Ah, the ease with which George W. Bush attracts superlatives! Helen Thomas calls him "the worst president ever." A kinder, gentler Jonathan Chait ranks him "among the worst presidents in US history." No such restraint from Paul Berman, who brands him "the worst president the US has ever had." Nobel Laureate George Akerlof rates his government as the "worst ever." Even Bushie du jour, Christopher Hitchens, calls the man "unusually incurious, abnormally unintelligent, amazingly inarticulate, fantastically uncultured, extraordinarily uneducated, and apparently quite proud of all these things." Only Fidel Castro, it would appear, has had kind words for our 43rd President. "Hopefully, he is not as stupid as he seems, nor as Mafia-like as his predecessors were."
Vain hopes. In a mere three years, President Bush has compiled a record of disasters that Fidel could only envy. While cutting taxes for the rich, starving out federal programs for the poor, dismantling environmental protections, riding roughshod over civil liberties, and running the largest budget deficit in history, his administration has pursued a "law of the jungle" brand of foreign policy fueled by overt paranoia and an imperious sense of omnipotence. Its shrill, threatening rhetoric, relentlessly echoed by a gang of media goons, has coarsened public discourse and alienated friends and allies.
At home, Bush has stoked the fears of a public traumatized by 9/11 and encountered rare success preaching an "us-against-them" Weltanschauung soaked in self-righteousness. Dissent has been equated with lack of patriotism, illegal detentions have gone unchallenged, and racial profiling has been given new life. In the run-up to the war, international disapproval met with sophomoric tantrums ("freedom fries, anyone?") and vindictive hissy fits (canceled exchange programs with French high schools): hardly America's finest hour.
Abroad, the image of the United States has never been worse. Ever. While the horrors of 9/11 prompted an unprecedented outpouring of sympathy for the US worldwide, Bush squandered it all away and morphed "America the Benevolent Giant" into "America the Shrill Bully." Bush's vision of a dog-eat-dog Hobbesian universe in which the US plays by its own rules is repellent to most nations.
He goes in this vain for many pages. You may not agree with him, but he does build up a head of steam.
The item is quite long, but quite lively. _____
The other bit of purple prose you will find in yesterday's item in Cold Fury posted by Arthur Silber
Check out this to his pro-war friends who fill their web logs (blogs) with comments on the debt the Iraqis owe us for freeing them:
In view of the fact that Saddam most probably would not have achieved or maintained power in the first place without our aid, considering that we supported him in countless ways while knowing a great deal about his vicious and brutal tactics, and in light of the fact that we stood by while thousands of Iraqis were killed after we ourselves had encouraged them to rise up against the evil of Saddam's rule, the Iraqis owe us precisely nothing. To the contrary - and try to get this simple moral truth through your incredibly thick and intentionally self-blinded skull - we owe them. Indeed, we owe them so much that it can never be repaid - and once again, we appear to be failing miserably in our attempts to right our past wrongs. We are failing because, yet again, we have refused to learn anything from the past, and we are therefore repeating all the same mistakes over and over and over again.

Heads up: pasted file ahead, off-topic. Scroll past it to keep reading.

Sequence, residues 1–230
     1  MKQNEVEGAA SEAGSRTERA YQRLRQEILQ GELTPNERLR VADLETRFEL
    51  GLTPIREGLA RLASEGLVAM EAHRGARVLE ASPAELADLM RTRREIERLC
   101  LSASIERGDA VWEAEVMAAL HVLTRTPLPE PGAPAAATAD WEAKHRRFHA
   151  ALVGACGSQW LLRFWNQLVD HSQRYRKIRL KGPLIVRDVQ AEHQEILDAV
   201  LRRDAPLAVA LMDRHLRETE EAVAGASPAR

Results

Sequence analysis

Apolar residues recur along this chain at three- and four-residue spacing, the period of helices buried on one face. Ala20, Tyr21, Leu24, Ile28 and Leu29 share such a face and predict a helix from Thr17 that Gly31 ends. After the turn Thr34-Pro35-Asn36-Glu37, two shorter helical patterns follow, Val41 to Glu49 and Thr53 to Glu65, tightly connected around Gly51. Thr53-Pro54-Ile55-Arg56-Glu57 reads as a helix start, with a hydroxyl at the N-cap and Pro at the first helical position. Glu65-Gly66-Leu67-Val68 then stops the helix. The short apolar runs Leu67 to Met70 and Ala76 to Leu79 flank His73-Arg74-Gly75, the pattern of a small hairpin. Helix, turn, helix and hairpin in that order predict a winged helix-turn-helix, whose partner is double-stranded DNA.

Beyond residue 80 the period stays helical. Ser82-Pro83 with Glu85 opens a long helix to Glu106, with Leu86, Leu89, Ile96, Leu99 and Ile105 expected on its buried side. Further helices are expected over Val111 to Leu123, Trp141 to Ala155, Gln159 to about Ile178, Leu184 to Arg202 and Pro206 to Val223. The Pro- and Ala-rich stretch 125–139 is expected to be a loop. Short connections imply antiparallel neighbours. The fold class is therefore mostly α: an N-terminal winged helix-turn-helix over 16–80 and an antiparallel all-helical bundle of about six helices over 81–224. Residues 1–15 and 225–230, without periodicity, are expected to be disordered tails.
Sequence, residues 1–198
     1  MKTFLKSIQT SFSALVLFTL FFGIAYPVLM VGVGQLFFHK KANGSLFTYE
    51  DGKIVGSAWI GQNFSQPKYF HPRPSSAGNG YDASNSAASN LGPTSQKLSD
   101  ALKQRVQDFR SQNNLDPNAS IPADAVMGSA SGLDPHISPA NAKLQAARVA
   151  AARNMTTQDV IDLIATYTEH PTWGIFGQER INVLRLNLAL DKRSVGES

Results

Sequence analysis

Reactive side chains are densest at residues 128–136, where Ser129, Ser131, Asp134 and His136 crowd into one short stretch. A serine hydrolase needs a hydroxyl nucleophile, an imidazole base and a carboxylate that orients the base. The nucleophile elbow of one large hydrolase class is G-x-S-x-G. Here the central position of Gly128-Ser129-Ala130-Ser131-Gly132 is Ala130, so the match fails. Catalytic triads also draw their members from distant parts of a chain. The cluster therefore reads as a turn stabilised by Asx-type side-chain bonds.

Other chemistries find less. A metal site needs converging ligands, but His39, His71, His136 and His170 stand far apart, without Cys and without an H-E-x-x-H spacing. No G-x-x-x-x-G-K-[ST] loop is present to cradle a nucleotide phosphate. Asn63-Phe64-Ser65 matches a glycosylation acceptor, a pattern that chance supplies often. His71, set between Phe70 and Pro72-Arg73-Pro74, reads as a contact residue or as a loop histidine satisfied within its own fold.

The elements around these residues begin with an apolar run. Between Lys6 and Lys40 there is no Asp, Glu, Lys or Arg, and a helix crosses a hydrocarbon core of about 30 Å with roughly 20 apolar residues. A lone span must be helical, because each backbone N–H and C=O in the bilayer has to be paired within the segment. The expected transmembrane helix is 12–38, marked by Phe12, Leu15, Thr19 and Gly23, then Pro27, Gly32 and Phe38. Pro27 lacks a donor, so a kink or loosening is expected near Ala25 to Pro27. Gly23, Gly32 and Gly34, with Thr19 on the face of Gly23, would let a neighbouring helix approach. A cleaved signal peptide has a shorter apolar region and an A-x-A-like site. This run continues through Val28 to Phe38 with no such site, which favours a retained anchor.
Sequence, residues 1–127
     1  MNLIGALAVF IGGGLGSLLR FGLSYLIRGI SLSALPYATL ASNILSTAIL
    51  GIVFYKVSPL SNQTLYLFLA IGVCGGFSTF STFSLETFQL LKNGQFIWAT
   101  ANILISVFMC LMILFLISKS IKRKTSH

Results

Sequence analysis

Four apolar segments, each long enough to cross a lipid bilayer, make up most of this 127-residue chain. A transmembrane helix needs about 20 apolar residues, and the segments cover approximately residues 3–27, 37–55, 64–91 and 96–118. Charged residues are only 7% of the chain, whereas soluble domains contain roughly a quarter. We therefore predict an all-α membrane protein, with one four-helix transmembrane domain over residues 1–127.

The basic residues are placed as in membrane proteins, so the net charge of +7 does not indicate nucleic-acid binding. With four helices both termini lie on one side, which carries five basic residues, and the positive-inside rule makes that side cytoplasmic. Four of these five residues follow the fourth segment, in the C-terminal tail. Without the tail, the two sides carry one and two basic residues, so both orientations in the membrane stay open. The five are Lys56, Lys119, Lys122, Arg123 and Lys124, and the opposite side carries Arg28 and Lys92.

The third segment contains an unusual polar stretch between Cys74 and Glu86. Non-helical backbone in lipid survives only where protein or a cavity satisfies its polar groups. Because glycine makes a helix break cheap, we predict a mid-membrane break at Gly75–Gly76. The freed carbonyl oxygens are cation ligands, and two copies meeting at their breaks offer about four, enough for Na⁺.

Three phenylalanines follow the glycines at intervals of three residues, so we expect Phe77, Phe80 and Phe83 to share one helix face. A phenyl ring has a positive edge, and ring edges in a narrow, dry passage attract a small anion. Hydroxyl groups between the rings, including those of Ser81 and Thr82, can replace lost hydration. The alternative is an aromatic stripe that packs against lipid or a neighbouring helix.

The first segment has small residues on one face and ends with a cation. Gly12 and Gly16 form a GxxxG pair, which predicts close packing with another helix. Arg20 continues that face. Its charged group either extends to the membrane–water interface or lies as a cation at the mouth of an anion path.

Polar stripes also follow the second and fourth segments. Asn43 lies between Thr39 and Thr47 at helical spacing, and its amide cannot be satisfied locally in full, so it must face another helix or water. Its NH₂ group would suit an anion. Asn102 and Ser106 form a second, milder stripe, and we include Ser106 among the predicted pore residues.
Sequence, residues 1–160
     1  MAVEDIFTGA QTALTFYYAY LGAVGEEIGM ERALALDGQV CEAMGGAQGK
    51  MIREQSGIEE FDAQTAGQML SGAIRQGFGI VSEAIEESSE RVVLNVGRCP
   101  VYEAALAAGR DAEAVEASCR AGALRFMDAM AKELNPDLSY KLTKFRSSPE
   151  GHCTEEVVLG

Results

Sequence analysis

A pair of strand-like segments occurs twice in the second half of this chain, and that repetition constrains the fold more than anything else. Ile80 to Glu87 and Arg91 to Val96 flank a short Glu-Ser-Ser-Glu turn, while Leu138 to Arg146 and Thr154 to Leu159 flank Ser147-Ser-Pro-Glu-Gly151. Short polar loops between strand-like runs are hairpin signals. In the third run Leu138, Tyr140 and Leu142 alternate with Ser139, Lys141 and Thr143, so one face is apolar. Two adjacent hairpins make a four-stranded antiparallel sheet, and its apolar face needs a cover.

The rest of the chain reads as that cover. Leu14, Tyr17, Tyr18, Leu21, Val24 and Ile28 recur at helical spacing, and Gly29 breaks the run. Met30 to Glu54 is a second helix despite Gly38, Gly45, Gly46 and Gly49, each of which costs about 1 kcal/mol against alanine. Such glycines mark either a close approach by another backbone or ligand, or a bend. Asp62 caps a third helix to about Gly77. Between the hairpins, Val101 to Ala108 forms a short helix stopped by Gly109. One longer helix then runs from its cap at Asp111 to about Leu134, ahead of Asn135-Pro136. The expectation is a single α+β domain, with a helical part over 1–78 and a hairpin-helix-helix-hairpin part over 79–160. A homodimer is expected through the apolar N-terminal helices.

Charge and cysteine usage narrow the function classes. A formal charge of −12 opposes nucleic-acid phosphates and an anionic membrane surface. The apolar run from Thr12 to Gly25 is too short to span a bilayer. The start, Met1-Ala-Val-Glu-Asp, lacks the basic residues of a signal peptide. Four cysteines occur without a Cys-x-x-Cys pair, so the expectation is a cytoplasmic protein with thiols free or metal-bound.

I want to state one thing very clearly and unmistakably for the benefit of any warbloggers who might read this -- particularly those warbloggers and other hawks who strut their self-announced moral superiority and constantly shove it in the face of everyone else, and who act as if any disagreement with their historically ignorant views of the world constitutes some sort of treason. You are the enemies of America - just as you are the enemies of thought, of history, of ideas, of any conception of what genuine liberty means, and how it is to be achieved.
You are a disgrace to this once-great nation, and if you have your way, this nation will follow many others on the route of total self-destruction in a conflagration of military might strewn purposelessly and mindlessly around the globe, while an increasingly authoritarian government destroys what remains of freedom here in the United States. And I also want to make it clear that there are many of us who are not at all cowed by your moral blustering. Many of us see it exactly for what it is: the phony posturing of a coward who relies on intimidation in place of argument, who feels that shouting mindless slogans will silence any opposing viewpoints, no matter how well-reasoned, and who counts on the reluctance or unwillingness of his opponents to stand up to the taunts of an obviously ignorant bully.
As your hollow and offensive tactics increasingly reveal themselves to be almost entirely devoid of thought, of any kind of historical grounding, and of any basis in principle, I think more and more people will call your bluff - and finally shame you into silence. You are anti-American in every important sense: you have no understanding of individual freedom or how it is maintained, you have no appreciation of the dynamics of foreign affairs, and you have no grasp of how ideas or a culture of freedom are spread.
So, as I have said before and with a deeply grateful nod to a genuinely great American whose greatness is lost on you, and with regard to your uninformed, incorrect and disgustingly ignorant charges of anti-Americanism and disloyalty, I repeat yet again: If this be treason, make the most of it.
Wow. This fellow doesn't like ambiguity. And was that last comment a challenge to Ann Coulter and Bill O'Reilly? Let the fun begin.